Many people consider estate planning to exclusively involve the management of their assets after passing away, but there is more to it than just this. It also involves planning for who can make decisions on an individual's behalf if they no longer have the capacity to do so. It is important that Ontario adults and their loved ones have serious conversations about what may happen in a variety of situations, not only in the event of a death.
In Ontario, a power of attorney can be named to make decisions for an individual who no longer has the capacity to do so. Powers of attorney can be named to manage health decisions as well as financial matters. There are many options available to grantors: they may grant more than one person power of attorney, they may limit or expant the scope of their decision-making power, or even restrict the duration of time during which their power of attorney decision is valid.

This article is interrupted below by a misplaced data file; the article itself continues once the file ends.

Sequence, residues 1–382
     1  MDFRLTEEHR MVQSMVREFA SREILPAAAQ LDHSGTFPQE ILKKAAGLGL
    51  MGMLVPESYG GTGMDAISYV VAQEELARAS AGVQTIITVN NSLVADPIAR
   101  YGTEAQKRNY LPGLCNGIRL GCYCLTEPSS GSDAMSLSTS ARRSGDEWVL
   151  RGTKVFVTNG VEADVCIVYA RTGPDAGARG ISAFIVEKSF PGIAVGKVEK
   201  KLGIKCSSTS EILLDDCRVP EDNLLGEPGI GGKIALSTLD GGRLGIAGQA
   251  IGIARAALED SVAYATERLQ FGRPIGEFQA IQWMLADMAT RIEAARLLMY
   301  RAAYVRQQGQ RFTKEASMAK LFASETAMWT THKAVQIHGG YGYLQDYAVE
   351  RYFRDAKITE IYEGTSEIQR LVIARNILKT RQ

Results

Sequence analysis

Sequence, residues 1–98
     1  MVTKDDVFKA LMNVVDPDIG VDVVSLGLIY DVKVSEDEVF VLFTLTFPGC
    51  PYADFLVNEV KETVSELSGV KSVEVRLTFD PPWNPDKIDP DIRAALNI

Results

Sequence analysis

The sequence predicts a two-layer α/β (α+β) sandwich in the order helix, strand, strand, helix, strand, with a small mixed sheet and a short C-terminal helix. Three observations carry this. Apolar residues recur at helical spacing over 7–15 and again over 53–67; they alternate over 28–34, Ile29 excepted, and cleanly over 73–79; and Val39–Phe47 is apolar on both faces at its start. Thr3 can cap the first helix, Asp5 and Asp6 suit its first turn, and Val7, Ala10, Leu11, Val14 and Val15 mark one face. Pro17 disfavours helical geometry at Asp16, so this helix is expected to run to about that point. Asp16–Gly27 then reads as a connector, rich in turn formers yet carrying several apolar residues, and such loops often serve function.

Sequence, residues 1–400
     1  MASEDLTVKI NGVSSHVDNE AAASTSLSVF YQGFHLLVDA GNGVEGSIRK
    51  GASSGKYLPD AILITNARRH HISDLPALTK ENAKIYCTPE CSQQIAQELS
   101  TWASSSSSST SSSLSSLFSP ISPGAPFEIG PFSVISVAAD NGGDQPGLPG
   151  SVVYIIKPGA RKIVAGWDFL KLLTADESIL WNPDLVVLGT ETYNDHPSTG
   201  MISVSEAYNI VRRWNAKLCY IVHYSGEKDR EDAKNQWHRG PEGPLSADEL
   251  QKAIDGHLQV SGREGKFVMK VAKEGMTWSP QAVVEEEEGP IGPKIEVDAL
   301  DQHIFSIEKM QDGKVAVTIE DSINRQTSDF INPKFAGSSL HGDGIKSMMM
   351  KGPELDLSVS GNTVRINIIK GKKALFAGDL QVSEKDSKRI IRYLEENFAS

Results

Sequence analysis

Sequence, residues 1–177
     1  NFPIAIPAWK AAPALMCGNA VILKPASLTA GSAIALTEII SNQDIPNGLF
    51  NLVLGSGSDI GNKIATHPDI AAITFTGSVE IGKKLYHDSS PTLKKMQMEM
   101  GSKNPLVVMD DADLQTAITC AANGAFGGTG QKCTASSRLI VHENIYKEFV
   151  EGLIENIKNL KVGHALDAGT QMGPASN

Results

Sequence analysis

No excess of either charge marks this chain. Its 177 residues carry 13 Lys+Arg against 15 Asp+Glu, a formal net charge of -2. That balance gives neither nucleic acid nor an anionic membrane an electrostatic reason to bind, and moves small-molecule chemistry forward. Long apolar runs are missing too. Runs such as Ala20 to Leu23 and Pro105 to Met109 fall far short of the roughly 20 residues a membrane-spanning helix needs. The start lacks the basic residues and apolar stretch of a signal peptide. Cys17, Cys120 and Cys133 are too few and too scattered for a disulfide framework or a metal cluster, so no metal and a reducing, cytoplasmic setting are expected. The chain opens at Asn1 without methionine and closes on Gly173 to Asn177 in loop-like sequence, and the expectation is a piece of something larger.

Once a person passes away, powers of attorney no longer have control of any assets or decisions. At this point, the will designates who will receive which assets as well as who will execute the will. This can be a challenge for many Canadian families, especially as 51% of adults in the country admit they do not have a will to guide this process.
It is common for people to only consider their plans for the future of their estate and care when they notice their health failing, or when their capacity may be in question. Waiting until this point could make it difficult to create a legally binding will in time. Those who find themselves in a difficult situation with regard to assigning guardianship or executing a will should work with an Ontario lawyer to understand their options.